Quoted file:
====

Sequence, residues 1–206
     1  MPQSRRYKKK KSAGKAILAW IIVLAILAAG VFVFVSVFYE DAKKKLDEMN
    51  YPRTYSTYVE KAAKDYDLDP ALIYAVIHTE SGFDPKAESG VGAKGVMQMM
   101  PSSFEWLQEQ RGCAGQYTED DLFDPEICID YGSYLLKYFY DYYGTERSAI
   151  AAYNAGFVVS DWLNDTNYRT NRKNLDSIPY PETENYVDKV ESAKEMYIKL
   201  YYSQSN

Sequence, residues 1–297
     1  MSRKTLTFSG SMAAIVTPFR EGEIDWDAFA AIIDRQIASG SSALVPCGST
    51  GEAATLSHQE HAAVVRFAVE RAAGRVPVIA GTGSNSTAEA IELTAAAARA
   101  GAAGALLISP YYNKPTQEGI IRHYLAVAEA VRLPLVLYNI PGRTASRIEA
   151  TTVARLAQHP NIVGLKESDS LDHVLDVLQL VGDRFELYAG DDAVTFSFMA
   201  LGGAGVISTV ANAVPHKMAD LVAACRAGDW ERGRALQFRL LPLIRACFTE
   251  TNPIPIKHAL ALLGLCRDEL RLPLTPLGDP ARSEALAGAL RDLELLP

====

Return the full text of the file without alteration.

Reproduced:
Sequence, residues 1–206
     1  MPQSRRYKKK KSAGKAILAW IIVLAILAAG VFVFVSVFYE DAKKKLDEMN
    51  YPRTYSTYVE KAAKDYDLDP ALIYAVIHTE SGFDPKAESG VGAKGVMQMM
   101  PSSFEWLQEQ RGCAGQYTED DLFDPEICID YGSYLLKYFY DYYGTERSAI
   151  AAYNAGFVVS DWLNDTNYRT NRKNLDSIPY PETENYVDKV ESAKEMYIKL
   201  YYSQSN

Sequence, residues 1–297
     1  MSRKTLTFSG SMAAIVTPFR EGEIDWDAFA AIIDRQIASG SSALVPCGST
    51  GEAATLSHQE HAAVVRFAVE RAAGRVPVIA GTGSNSTAEA IELTAAAARA
   101  GAAGALLISP YYNKPTQEGI IRHYLAVAEA VRLPLVLYNI PGRTASRIEA
   151  TTVARLAQHP NIVGLKESDS LDHVLDVLQL VGDRFELYAG DDAVTFSFMA
   201  LGGAGVISTV ANAVPHKMAD LVAACRAGDW ERGRALQFRL LPLIRACFTE
   251  TNPIPIKHAL ALLGLCRDEL RLPLTPLGDP ARSEALAGAL RDLELLP